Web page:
Selective admission criteria established more than 15 years ago help maintain undergraduate enrollment to just over 1,800 students. Residential graduate business programs enroll approximately 90 students.
A generous gift is made to the college’s sales education program and names the Ralph and Luci Schey Sales Centre.
Hugh D. Sherman becomes the eleventh dean of the College of Business. (In 2019, he announces his intent to retire from the position and return to the management faculty in the summer of 2020.)
The college enrolls its first students in the Professional Master of Sports Administration, a primarily online program for working professionals. The class becomes the first PMSA graduates in 2012.
Business’ Robert D. Walter Center for Strategic Leadership is established. The college launches an Online MBA program that allows students to study from anywhere in the world. It’s the college’s first fully online program and features (what is now referred to as) the Leadership Development Program which brings students to campus for one weekend during their studies.
The University’s computer services center on President Street is converted to meet the needs of a growing College of Business. The Phil and Pat Muck Business Annex is opened in the fall along with a new finance lab in Copeland Hall that is equipped with multiple Bloomberg trading terminals. The college’s Center for Sports Administration, housed in the annex, is also named by American engineering and infrastructure firm “AECOM”. The College of Business celebrates being ranked the 38th best business school (15th best public business school) by Bloomberg BusinessWeek. It is the highest ranking in the college’s history.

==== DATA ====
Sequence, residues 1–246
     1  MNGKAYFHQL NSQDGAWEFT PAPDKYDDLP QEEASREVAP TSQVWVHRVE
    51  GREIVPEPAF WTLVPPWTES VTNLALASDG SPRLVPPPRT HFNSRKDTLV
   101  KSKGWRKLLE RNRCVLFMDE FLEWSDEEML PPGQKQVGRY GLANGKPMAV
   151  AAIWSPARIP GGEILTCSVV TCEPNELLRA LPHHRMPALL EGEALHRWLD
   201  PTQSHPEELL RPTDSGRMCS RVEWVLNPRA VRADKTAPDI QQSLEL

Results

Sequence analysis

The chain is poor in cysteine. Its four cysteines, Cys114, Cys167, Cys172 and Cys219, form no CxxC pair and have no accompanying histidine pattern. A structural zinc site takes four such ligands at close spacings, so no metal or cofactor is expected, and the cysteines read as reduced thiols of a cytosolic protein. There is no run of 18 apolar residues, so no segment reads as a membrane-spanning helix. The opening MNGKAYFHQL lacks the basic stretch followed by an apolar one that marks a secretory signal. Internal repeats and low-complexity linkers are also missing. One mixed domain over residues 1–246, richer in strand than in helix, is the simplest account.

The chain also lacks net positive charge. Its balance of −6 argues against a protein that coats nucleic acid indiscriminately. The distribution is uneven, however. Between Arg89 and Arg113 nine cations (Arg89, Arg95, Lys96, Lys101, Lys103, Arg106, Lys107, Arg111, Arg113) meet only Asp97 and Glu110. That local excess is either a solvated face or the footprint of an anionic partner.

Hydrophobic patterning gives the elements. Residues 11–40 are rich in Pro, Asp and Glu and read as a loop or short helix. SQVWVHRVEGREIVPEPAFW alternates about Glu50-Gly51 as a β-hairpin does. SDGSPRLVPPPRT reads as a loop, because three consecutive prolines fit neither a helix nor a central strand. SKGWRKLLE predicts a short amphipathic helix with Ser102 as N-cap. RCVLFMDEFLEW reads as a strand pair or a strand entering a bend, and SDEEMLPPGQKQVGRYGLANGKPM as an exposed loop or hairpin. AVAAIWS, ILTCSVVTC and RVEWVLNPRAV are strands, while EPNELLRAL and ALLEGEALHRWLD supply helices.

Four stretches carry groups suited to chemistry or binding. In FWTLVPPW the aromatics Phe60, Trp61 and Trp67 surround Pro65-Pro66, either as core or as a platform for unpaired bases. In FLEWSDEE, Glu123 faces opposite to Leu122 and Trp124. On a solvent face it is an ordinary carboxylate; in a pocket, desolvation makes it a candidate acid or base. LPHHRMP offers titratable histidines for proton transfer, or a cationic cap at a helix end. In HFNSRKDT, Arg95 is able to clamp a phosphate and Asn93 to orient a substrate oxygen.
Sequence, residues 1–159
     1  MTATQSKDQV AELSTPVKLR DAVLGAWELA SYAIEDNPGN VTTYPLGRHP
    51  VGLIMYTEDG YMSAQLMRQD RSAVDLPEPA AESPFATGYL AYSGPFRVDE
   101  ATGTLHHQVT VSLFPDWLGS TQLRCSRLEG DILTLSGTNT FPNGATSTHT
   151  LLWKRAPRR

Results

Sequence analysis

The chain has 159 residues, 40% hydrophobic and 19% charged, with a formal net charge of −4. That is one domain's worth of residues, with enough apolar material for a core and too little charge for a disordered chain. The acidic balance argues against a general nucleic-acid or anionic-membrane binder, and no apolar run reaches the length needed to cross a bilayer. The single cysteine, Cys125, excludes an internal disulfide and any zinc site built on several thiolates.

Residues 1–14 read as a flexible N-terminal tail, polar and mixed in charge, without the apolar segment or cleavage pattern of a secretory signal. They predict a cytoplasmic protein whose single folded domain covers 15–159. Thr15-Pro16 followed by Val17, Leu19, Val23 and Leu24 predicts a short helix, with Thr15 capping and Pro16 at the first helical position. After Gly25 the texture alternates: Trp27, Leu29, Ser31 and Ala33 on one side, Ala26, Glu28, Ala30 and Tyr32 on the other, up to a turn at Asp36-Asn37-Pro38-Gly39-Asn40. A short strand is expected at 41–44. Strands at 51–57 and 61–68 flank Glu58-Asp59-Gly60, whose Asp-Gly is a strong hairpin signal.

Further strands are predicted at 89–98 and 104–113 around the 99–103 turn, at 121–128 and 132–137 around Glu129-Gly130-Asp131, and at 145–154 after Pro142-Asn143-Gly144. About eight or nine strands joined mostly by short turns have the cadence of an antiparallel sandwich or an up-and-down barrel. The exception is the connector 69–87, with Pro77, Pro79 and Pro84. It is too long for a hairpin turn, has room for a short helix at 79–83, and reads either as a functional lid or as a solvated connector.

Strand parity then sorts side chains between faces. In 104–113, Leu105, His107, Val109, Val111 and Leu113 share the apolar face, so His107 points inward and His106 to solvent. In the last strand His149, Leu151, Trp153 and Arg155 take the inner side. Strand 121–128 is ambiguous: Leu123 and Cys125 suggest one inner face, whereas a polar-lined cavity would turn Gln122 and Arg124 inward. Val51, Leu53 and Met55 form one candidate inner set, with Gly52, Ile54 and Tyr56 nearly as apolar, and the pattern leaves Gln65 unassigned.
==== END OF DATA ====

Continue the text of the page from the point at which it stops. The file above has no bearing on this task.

College enrollment peaks at nearly 3,800 students thanks to growth in graduate and online programs. OHIO’s Online MBA is ranked 15th best in the nation by Poets & Quants although it was launched only six years before.
The college creates and launches new graduate programs for working professionals in business analytics, accountancy, and management. The college also launches its first graduate business certificates which can be earned as a standalone credential or applied as a stackable certificate towards a degree program (such as the new Master of Management). The college receives an extension of accreditation by AACSB.
After several years of investment in business-specific academic and career support services for students, all eleven of the college’s majors are offered as eligible programs of OHIO Guarantee+, a program that features fixed undergraduate tuition and fees, on-time graduation planning, and lifelong alumni/career benefits. During the spring semester, the Ohio University transitioned all of its coursework to an online/virtual format as the world combatted the Coronavirus pandemic. Business students and faculty responded in usual fashion with positivity and compassion, continuing engagement with one another from a distance. The college found ways to support the community and celebrate graduating seniors in unprecedented ways and looks forward to the day when students return to campus.
- Hollow, B. (2003). Ohio University, 1804-2004 the spirit of a singular place. Athens (Ohio): Ohio University Press.
- Copeland, D. B. (1973). The Copeland Story, 1899 – 1973.
- Williams, R. L. (2020). A Bulleted, Pictorial History of Ohio University. Athens (Ohio): Dr. Bob Productions.
- Mahn, R. E. (1956) "A Half-Century of Development Preceded Today’s School of Commerce." Athens (Ohio): The Ohio Alumnus.
- Hoover, T. N. (1954) The History of Ohio University. Athens (Ohio): Ohio University Press.
- Hellerbrand, T. (1986) Fifty Years: A Celebration.